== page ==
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Boston Bruins Sunday Notebook

by Angela Stefano / Boston Bruins
Looking to the Stars

As the Dallas Stars were taking the ice for their morning pre-game skate, Bruins head coach Claude Julien reflected on the team his players would face that night.

“They might be off to just an average start, but they have the players to do the job and to do the damage,” he said, calling them “well-structured” and “well-coached.”

“We need to prepare to see their best tonight,” he said.

He also drew some similarities between the Black & Gold and the Green and Gold.

“Hard-working forwards that grind it out to score,” he said.  “It should be an interesting match-up.”

“Interesting” was an understatement.

Sturm Storms Back
Just 2:41 into the opening period, Marco Sturm took a pass from Wheeler and netted the puck past Stars goalie Marty Turco for his second goal of the season.

“It feels great to be back on the scoreboard,” said Sturm.  “Hopefully they keep going in.”

The goal also marked Blake Wheeler’s first NHL assist.

Sturm scored a second goal – this time on a power play – with 5:43 left in the third period, tossing it in the right side of the net off a pass from PJ Axelsson.

“He was in the right spot, even that last goal, it was great play,” said Julien.  “He buried those.  I thought he was a better player tonight.”

Fightin’ Ference
With about 15 minutes to play in the game, Andrew Ference had had enough of the pushing and shoving that Dallas had doled out since the first period.  And, after giving up on ignoring the pesky Steve Ott, Ference proceeded to steamroll him at center ice.

“He’s going to be hitting teammates, our teammates, be playing physical,” he said.  “It doesn’t do any good to yap, you just have to play physical against him.”

Ference took another chance to “play physical” by fighting Sean Avery, who had come to defend his teammate.

“Just because you see each other once, it doesn’t matter,” said Ference.  “Guys get amped up to face that challenge.”

Thornton Gets in on the Action
A much more likely candidate for a fighting penalty is Shawn Thornton, who engaged Krystopher Barch in the second official fight of the night, just five minutes after Ference’s throwdown.

“All of a suddent, it got out of control,” said Julien.  “I think our guys handled it the right way by standing up to them.”

Gloves thrown down at center ice, Thornton managed to knock off Barch’s helment.  And although Barch got Thorton onto the ice first, the Bruins beat cop got in quite a few good punches.

Coach Julien spoke about his forward.

“Yeah, Thornton took a four-minute penalty, but there was a guy who almost took our player’s knees out,” Julien said.  “Personally, I felt bad for Barch that he had to mop up the mess that the other two teammates couldn’t finish.”

A First for Stewie
In the midst of all the WWE-style action, Mark Stuart tallied the Bruins fourth goal of the night, his first of the season, and gave the B’s a comfortable lead with a little under nine minutes remaining in the game.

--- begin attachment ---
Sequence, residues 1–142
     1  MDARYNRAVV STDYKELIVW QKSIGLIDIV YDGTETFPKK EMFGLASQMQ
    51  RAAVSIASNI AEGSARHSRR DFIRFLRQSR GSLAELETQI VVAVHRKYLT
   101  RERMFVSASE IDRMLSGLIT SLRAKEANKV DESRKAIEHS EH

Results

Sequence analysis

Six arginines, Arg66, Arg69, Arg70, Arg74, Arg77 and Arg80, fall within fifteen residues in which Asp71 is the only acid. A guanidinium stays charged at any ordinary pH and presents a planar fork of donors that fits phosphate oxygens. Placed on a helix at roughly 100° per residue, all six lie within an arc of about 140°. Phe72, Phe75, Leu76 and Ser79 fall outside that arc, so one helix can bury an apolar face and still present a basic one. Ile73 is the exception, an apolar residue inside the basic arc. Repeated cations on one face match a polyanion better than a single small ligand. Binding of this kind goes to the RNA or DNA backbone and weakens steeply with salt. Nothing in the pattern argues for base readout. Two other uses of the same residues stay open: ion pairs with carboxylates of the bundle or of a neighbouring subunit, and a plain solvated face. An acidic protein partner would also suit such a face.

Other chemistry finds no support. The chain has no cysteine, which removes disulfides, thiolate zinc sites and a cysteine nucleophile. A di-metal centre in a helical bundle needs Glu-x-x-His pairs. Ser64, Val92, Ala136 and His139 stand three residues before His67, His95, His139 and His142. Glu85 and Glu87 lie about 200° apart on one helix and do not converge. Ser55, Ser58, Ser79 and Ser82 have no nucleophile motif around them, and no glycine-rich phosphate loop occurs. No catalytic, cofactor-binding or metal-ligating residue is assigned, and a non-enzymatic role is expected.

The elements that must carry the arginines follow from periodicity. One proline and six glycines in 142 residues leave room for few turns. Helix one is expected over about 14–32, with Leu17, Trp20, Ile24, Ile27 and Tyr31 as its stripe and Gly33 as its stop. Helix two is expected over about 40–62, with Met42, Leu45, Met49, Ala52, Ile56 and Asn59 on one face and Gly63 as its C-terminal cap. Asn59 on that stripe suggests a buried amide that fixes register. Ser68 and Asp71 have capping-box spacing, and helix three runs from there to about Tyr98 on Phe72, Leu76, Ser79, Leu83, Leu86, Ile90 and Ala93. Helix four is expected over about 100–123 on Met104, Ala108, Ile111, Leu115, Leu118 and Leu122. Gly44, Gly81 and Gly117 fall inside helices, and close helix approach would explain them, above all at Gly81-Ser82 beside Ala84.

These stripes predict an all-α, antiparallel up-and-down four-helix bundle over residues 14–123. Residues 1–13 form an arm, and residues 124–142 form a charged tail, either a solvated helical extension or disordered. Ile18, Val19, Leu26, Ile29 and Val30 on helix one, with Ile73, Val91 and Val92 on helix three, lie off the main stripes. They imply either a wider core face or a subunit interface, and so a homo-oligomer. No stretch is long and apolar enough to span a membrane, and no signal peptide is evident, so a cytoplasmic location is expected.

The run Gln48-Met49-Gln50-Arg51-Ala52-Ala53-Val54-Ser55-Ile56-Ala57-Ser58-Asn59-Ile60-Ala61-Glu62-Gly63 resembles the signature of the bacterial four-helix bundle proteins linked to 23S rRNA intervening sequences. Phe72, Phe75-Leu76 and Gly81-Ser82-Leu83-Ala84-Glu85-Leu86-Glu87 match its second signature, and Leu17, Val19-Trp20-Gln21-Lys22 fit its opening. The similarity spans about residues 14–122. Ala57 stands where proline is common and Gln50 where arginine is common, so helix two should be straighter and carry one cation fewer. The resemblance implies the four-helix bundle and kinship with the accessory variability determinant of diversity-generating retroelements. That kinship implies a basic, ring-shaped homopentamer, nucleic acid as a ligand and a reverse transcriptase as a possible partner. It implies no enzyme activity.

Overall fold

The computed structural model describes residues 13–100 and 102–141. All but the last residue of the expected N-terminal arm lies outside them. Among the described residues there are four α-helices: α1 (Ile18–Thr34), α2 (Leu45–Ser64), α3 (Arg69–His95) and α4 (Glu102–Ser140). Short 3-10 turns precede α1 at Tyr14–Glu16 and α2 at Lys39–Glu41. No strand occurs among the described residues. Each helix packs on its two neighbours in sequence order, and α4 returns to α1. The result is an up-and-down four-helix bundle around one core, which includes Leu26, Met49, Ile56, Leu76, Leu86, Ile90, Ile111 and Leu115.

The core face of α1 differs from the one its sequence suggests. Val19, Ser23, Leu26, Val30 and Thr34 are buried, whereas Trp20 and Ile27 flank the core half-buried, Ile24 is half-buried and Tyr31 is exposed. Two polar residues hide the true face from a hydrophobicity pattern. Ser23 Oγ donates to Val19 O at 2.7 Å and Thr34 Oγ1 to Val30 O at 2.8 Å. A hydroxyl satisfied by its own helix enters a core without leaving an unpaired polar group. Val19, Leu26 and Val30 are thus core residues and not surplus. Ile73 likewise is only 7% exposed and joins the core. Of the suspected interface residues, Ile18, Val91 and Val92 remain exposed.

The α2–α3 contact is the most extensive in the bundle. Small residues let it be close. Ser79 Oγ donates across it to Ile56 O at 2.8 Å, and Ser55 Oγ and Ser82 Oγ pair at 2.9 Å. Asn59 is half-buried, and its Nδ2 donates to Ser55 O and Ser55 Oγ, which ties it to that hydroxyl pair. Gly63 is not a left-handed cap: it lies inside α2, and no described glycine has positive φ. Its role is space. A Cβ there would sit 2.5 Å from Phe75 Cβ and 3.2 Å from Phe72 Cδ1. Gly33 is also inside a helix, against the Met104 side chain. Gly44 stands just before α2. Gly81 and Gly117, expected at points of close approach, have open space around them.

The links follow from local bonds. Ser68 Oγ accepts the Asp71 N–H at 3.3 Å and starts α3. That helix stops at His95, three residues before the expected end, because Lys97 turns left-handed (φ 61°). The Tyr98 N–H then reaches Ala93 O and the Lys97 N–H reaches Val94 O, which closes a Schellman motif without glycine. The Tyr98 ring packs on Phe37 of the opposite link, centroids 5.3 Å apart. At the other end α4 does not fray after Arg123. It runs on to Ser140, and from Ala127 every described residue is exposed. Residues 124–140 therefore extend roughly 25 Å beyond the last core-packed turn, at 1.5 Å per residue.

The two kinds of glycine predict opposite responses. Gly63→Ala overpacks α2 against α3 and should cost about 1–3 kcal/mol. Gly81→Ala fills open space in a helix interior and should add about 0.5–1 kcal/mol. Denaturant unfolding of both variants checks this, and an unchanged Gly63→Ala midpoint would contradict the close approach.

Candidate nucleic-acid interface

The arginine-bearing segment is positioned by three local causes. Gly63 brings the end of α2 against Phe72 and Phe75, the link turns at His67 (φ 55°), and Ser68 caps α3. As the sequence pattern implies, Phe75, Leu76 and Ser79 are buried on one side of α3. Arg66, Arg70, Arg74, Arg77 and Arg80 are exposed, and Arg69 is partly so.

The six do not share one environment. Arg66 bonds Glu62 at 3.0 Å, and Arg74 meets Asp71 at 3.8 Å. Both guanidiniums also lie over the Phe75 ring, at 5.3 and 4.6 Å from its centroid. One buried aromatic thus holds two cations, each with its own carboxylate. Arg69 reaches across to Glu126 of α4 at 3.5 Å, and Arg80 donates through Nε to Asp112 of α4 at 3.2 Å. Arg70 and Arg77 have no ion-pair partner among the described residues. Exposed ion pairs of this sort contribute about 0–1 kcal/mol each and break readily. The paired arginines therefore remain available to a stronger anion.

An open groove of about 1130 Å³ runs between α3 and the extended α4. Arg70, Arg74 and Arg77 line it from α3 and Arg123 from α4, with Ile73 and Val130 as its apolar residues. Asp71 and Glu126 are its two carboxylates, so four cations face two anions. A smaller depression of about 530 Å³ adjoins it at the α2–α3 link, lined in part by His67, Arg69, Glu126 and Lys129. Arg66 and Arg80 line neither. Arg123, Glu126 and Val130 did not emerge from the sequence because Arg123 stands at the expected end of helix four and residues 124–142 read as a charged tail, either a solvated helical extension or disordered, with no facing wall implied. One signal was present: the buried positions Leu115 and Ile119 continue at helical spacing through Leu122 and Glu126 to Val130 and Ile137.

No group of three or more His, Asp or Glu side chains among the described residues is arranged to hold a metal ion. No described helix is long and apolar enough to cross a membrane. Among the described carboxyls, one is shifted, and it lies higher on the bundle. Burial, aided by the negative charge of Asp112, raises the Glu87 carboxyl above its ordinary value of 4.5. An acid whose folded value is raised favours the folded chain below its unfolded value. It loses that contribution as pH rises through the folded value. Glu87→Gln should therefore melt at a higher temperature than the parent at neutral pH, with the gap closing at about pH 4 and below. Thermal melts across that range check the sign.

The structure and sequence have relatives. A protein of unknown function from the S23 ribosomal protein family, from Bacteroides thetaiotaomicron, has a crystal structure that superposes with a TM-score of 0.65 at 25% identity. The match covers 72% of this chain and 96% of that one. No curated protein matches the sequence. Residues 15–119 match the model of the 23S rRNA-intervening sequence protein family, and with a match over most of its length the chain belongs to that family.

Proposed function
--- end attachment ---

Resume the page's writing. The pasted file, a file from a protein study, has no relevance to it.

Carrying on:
“I don’t think we tried to send a statement to anybody,” Stuart said.  “It was more for ourselves just to come out with a strong effort.”

With contribution from pretty much the entire team, Stuart said he saw what the B’s are capable of.

“If we play 60 minutes, then we can produce offense and keep them off the board as well,” he said.

B's Boxing Card
Okay, so the Bruins won, 5-1, and there were some awesome goals and some good hits – but the biggest crowd-pleaser of the night was the all-out war that was waged in the Black & Gold end of the ice during the third period.

Less than a minute after Stuart’s goal, Avery laid a questionable hit on Milan Lucic.

“Just happy I didn’t get hurt,” said Lucic, who was curious, much like the media, as to whether the hit would lead to a suspension. 

“We’ll see; it’s not really for me to answer,” he said.  “Either way, there’s not much I can do about it.”

Avery, though, should have known that you don’t mess with the tough guys.

In defense of his teammate, Marc Savard sped to the corner and began pounding on Avery, who was crouched to the ice. 

“It wasn’t the cleanest hit,” Savard said.  “I was just trying to help a teammate.”

Fans cheering, the rest of the Bruins on the ice got into the action as well, resulting in a pileup that took the refs some serious time to sort out. 

“It’s a sign of leadership,” said Aaron Ward.  “You really have to play off what happens in the game; you’ve got to give a little help.”

With five ten-minute misconducts handed out, along with two five-minute fighting penalties and two two-minute penalties, the benches looked a lot emptier for the remainder of the game.  The Garden, however, sounded a lot louder. 

A bit reminiscent of seasons past? Perhaps.

After all, Luch did raise his arms and encourage the crowd to cheer, even as he was headed down the hallway to the locker room.

“I think the fans may have had a flashback,” said Ward.  “The game…hasn’t gone this way, but sometimes situations call for it, and teams have to stick together.”

It should be noted, too, that goalies Tim Thomas and Marty Turco looked ready to have some fun. 

“He looked at me like he was going to jump into the pile,” said Thomas.  “I just responded by getting on the other side of the pile.’”
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